102 Future Forwards: Exploring Frontiers in Education
PISA assesses the knowledge and skills of students in math, literacy and
science every three years. It also surveys students’ attitudes towards
learning. PISA seemed like a good match to my criteria. While not based
on international school settings, it provides a wealth of information about
international trends in education. PISA compares students across
countries and across gender. This made it an excellent source for my
inquiry into gender equality in education.
Key PISA (2015) Findings Related to Gender Equity:
Boys outperform girls in math in 38 countries by an average of 11
score points, the equivalent of about 3 months of school.
Top Performers: The gender gap is 20 points in math and 11
points in science in favor of boys.
In 2012, 39% of young men entering college for the first time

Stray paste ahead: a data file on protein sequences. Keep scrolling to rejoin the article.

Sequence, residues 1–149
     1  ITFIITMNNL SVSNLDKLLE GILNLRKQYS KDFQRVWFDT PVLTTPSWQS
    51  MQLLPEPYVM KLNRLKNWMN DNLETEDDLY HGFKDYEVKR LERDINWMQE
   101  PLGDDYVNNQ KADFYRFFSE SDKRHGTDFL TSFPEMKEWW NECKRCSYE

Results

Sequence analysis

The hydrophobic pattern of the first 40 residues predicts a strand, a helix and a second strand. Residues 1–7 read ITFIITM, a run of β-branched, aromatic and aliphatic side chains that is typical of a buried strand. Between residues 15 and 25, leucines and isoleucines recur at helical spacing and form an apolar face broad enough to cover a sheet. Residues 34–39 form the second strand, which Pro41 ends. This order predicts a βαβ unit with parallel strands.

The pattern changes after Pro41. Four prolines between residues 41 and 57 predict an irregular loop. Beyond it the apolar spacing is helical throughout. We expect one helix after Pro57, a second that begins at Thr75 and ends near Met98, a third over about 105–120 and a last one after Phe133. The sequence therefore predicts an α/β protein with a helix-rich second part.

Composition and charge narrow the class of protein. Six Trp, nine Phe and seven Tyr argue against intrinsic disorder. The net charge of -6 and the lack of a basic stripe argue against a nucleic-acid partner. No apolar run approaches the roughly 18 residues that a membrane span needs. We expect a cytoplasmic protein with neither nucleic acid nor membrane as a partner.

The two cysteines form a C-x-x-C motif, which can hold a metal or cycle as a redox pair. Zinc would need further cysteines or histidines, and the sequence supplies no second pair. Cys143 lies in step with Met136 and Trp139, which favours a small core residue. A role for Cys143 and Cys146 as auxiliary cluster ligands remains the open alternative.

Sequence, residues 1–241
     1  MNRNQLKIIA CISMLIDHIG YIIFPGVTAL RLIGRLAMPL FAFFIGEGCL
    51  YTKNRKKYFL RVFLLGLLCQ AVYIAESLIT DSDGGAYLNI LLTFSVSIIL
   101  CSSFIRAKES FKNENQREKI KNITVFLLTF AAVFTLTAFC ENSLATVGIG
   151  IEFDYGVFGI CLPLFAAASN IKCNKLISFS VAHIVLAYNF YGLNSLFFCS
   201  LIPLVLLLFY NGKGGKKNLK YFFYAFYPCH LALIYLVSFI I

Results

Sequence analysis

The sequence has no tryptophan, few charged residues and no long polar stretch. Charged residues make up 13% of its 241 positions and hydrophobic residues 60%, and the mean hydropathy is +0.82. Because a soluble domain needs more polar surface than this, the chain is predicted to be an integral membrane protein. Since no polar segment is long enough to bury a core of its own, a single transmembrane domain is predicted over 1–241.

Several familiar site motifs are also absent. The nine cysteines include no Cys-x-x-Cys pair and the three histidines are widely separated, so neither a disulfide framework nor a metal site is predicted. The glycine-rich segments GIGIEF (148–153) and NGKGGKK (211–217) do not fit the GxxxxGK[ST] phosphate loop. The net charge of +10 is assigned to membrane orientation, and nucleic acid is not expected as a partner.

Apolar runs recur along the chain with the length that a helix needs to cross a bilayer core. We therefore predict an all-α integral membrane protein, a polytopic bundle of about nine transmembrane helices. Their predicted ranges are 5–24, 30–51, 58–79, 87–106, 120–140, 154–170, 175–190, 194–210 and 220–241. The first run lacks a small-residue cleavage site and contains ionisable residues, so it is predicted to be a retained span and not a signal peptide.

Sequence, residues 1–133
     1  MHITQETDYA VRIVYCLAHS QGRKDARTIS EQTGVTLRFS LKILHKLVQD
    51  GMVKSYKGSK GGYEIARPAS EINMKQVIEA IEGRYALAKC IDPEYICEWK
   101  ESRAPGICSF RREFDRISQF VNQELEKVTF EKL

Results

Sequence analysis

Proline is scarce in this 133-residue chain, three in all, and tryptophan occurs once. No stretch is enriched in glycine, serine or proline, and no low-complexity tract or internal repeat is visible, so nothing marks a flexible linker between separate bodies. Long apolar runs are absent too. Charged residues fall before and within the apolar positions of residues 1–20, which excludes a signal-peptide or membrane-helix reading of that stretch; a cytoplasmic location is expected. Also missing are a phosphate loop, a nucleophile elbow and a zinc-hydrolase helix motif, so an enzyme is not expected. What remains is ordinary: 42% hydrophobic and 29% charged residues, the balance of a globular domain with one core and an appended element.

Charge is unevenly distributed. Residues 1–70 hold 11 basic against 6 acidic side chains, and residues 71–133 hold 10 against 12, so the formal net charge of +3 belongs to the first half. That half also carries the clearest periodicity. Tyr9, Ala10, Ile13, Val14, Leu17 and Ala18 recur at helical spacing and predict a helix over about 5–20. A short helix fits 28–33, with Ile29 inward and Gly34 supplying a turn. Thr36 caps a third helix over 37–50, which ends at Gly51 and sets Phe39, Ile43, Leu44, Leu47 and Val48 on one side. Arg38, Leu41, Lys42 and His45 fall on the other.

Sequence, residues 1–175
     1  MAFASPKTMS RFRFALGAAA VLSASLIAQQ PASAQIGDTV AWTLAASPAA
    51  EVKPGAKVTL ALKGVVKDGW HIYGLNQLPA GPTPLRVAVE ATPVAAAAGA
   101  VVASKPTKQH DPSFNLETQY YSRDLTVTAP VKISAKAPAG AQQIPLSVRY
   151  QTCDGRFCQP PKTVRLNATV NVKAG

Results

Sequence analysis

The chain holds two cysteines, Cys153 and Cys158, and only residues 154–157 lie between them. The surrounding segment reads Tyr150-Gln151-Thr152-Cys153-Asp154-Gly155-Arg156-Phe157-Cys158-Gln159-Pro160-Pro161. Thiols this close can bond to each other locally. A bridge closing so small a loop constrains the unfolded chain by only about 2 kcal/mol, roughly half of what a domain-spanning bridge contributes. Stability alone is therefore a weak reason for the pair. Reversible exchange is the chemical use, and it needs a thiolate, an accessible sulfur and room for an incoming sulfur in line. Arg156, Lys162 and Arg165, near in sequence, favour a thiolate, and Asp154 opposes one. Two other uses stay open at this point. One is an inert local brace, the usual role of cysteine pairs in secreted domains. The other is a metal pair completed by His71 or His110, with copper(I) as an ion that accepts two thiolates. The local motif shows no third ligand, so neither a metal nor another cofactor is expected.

choose a science related (engineering, manufacturing, and
construction included) field of study, only 14% of young women
chose a science related field of study.
In no country do high-performing girls outperform high-performing boys.
In the large majority of countries and economies, high-performing girls underperform high-performing boys in
Focusing on the Gender Gap in Math Achievement
Since PISA indicated a gender gap in math which favored boys, I decided
to focus on finding more math achievement data. I turned to the TIMSS
2011 International Results in Mathematics (2012). The TIMSS reports
math and science achievement for students in 4th and 8th grade every
four years. It gathers data from 63 countries and 14 benchmarking
entities (states representing countries) around the world. I chose this
report because it presents international data on math achievement,
which may be more relevant to international schools like ASB.
TIMSS (2012) Findings
In 4th grade math achievement, 26 of 50 countries showed no
significant difference by gender, 20 countries demonstrated a